Day 9.

(October 3, 2010.)  Evermore de-lofting.

Early in our loft days when we stilled regularly combed Salvation Army and Goodwill for furniture, Tom and I came across The Leather Sectional on a 50% Midnight Madness sale.  When his eyes met its smooth, creamy, perfectly broken in leather cushions, Tom fell in love a little, I think.  He had to have it and I can’t even remember how we got it home.  The little guy has since inhabited almost every couch-designated area in the loft but had lately been relegated to parlor status near the front door.  I felt guilty about picking out most of the furniture that was going into our LA apartment and I wanted him to have his gorgeous mid-century vintage leather couch, so along it came in the moving truck.

Horrors.  It did not fit well in the new living room.

What appeared to be such a wee little sitting thing in our warehouse loft was now an inflexible beast.  No matter what arrangement we tried, it just didn’t seem like it was going to work.  Further emphasizing the impracticality of keeping it was the fact that I already had a couch down here that fit the existing decor (okay, whatever, so the only existing decor is actually the kitchen at the moment…).  With a heavy heart, I put The Leather Sectional up on Craigslist.  Look how happy and snug he appears in the U-Haul!  We had to stage the couch in the U-Haul in order to get serviceable photos.

This is truly one piece that will be missed.  He was fantastic quality and so stylish.

Oh, and I sold a bamboo kitchen cart also purchased at a Goodwill 50% off sale.  His absence is not as noticeable.

Sunday morning was a day of shopping!  After brunch at Amandine, we headed over to West Elm in the downtown Santa Monica area because I had seen some bed frames on sale.  Side note about Amandine; it’s a great, cute French style cafe/patisserie close to where our new apartment is, and we had been there once before last year and that first experience had been miserable.  This place is so well-liked by the neighborhood that it is really fucking packed.  Not to mention that people were rude, pushy, and vultures when it came to getting tables.  This last experience was less frenetic, but I will never want to come ever again after 11 a.m.  (In contrast, on Saturday morning, Tom and I had breakfast/brunch at a small French cafe called Ingrid’s in Beverly Hills.  It was super cheap and laid back, and there was even an older French couple who were regulars having the most Frenchy breakfast of coffee and little croissants.  I had a Croque Madame.  They served us butter and jam in little ornate glass dishes.)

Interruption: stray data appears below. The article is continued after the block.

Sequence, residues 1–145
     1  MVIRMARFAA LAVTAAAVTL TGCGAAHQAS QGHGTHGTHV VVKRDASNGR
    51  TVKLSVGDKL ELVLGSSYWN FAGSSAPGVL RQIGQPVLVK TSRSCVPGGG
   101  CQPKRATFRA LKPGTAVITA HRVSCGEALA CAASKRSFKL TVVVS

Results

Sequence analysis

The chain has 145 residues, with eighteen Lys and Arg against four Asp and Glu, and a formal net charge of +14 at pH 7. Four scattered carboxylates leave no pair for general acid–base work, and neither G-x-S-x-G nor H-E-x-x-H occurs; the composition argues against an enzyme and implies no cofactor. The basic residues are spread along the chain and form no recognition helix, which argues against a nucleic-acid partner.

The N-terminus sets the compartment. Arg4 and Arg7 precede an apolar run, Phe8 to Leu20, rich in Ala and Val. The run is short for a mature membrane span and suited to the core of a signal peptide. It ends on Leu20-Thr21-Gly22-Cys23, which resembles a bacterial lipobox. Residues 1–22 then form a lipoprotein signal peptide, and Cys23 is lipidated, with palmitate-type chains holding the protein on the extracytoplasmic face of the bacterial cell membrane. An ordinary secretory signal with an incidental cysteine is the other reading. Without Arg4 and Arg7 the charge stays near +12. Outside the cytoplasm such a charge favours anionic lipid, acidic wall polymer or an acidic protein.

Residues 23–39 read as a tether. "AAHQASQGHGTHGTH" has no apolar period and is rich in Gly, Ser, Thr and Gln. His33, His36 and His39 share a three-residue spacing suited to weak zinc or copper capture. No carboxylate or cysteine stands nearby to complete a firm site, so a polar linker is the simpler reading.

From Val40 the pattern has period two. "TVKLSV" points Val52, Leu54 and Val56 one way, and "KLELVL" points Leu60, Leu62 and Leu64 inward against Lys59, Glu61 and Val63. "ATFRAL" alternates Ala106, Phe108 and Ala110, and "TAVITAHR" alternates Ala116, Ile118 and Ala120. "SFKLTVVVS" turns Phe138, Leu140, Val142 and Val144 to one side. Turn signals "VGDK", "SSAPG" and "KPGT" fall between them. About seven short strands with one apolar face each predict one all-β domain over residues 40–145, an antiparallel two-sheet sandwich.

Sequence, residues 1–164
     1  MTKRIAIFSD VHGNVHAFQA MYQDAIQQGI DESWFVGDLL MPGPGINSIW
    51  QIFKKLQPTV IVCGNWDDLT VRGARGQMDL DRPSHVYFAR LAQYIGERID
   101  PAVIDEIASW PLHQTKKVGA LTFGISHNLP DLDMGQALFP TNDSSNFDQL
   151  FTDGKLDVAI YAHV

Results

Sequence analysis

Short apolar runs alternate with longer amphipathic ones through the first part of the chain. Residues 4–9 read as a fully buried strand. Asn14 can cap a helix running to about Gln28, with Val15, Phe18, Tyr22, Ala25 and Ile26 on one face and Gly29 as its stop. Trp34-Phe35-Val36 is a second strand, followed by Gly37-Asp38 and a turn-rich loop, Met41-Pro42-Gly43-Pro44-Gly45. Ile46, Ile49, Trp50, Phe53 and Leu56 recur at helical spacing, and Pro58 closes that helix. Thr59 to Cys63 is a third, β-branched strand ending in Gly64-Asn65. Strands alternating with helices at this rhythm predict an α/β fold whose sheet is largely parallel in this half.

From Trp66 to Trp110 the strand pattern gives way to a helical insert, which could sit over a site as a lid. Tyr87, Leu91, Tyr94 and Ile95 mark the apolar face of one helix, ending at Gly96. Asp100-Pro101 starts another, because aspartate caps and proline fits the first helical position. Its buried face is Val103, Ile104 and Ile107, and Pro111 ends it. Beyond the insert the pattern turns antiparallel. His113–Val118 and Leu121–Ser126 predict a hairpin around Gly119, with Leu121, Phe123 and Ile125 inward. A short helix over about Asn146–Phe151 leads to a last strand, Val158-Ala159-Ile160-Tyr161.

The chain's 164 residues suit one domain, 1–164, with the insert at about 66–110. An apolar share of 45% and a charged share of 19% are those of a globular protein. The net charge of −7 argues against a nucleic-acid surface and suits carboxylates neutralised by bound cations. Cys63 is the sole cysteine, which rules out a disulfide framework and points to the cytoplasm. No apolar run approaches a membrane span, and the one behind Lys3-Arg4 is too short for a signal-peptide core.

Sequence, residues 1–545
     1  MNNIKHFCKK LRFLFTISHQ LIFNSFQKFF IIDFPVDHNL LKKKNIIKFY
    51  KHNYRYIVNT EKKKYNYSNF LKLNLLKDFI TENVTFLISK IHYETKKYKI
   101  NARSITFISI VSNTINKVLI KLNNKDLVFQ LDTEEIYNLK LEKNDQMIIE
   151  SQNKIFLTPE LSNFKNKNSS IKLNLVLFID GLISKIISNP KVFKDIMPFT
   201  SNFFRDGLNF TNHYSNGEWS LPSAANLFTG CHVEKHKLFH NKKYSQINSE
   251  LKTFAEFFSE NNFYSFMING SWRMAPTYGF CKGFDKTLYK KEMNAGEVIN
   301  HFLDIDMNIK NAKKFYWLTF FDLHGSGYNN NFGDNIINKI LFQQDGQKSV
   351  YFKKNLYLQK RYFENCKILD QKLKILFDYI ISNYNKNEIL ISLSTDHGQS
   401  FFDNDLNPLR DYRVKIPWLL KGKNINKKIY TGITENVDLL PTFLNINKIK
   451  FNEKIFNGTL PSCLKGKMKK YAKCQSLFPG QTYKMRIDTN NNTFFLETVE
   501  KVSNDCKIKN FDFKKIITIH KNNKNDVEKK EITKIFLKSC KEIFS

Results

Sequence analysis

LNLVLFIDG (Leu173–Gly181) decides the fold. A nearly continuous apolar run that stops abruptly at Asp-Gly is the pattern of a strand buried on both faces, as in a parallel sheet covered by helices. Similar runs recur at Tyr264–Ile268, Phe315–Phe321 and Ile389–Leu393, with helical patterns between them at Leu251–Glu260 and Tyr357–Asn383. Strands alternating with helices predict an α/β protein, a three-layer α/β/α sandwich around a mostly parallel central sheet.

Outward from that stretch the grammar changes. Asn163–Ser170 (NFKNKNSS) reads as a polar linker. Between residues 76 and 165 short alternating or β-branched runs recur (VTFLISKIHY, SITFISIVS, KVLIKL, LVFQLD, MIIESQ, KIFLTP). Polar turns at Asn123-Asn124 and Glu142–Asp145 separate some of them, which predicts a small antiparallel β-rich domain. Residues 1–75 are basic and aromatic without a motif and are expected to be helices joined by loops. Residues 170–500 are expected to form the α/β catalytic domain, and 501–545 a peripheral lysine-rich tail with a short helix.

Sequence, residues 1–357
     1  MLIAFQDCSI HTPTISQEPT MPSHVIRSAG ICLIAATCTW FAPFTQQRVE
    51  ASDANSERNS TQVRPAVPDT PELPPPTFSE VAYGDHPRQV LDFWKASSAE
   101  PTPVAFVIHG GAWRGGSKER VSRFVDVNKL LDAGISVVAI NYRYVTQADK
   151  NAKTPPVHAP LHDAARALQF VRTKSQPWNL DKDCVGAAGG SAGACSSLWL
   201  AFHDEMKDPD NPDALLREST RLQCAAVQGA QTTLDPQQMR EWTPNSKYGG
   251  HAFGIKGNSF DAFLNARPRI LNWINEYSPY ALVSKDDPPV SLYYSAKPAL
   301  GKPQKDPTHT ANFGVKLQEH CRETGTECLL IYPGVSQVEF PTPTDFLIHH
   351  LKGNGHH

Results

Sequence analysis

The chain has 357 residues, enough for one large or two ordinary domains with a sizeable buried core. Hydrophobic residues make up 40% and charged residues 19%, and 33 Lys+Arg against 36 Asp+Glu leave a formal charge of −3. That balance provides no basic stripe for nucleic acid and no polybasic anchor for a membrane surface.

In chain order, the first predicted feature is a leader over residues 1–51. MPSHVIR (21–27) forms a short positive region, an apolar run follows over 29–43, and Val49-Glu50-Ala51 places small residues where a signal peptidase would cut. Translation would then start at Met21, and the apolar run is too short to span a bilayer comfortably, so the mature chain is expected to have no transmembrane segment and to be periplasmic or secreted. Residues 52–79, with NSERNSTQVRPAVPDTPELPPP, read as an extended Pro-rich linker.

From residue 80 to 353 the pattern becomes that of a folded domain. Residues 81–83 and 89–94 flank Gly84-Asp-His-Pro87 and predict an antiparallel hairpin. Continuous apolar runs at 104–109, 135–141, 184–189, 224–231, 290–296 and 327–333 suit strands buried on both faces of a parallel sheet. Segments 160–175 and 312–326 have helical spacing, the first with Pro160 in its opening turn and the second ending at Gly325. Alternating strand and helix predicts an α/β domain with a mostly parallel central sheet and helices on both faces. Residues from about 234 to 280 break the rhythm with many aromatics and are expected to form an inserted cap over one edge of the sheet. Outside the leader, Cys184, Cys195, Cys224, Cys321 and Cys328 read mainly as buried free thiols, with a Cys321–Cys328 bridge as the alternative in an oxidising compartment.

At West Elm, I finally picked a narrow-legged dark wood frame that fits most of our existing bedroom furniture.  I had to order it online since they didn’t carry it in the store, but they waive the shipping (although not a “delivery processing fee,” bastards) since they didn’t have it stocked.  West Elm customer service here totally sucks, by the way.  Tom and I inquired about the bed, left to think it over for about 20 minutes, and when I went back to the register to say that I decided to order the bed frame that they told me they didn’t have and would order for me, the woman at the counter looked at me blankly yet annoyedly (something that could only really be perfected after years in retail, as I totally have given this look to customers when I was a bookseller in DC).  I wasn’t expecting her to understand the entire context of what I was asking for even though she had been standing there listening to us and talking to us with the other guy not 20 minutes earlier, but her tone was so hostile when she said, “Who said that?  We never do that.”

She wasn’t exactly rude, as she did end up helping me with my order, but she had a very confrontational attitude and while I was inputting the order into their computer, another customer was complaining to a manager behind me about her unsatisfactory experience.  In the store’s defense, however, this customer was totally pushy and actually rude, and pushy, rude people don’t mesh at all with confrontational, abrasive salespeople.  This was a totally quintessential LA experience to me.

Another quintessential LA experience was shopping at TJ Maxx.  Not only did they carry Philosophy bath products, they were selling Dolce & Gabbana heels.  I bought a Le Creuset 8 quart stockpot (in blue to match my blue cast-iron knockoff pots from Ikea!) and a Ralph Lauren houndstooth wool blanket, and Tom bought complete sets of Lacoste coral/melon-colored bath towels to de-pastel-pinkify our bathroom.  I’m going to try and decorated the bathroom in an apothecary/science lab theme.  I’ll probably buy some beakers for accessory storage and framed vintage medical prints to hang on the wall.  My and Tom’s matching MRIs will also probably go up there, too.

Yup, tags are still on everything.  I just wanted to see how it looked.


About ireneenroute

This is a blog full of photos taken by a cell phone.
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